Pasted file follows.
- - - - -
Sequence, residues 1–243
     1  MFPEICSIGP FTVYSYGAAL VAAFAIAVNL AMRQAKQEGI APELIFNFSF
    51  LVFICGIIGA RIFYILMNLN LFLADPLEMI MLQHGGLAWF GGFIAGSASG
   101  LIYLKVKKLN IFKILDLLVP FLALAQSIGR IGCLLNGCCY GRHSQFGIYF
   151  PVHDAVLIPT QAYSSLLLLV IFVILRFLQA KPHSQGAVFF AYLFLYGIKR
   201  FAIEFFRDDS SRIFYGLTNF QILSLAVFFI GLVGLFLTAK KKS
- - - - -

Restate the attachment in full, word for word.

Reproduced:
Sequence, residues 1–243
     1  MFPEICSIGP FTVYSYGAAL VAAFAIAVNL AMRQAKQEGI APELIFNFSF
    51  LVFICGIIGA RIFYILMNLN LFLADPLEMI MLQHGGLAWF GGFIAGSASG
   101  LIYLKVKKLN IFKILDLLVP FLALAQSIGR IGCLLNGCCY GRHSQFGIYF
   151  PVHDAVLIPT QAYSSLLLLV IFVILRFLQA KPHSQGAVFF AYLFLYGIKR
   201  FAIEFFRDDS SRIFYGLTNF QILSLAVFFI GLVGLFLTAK KKS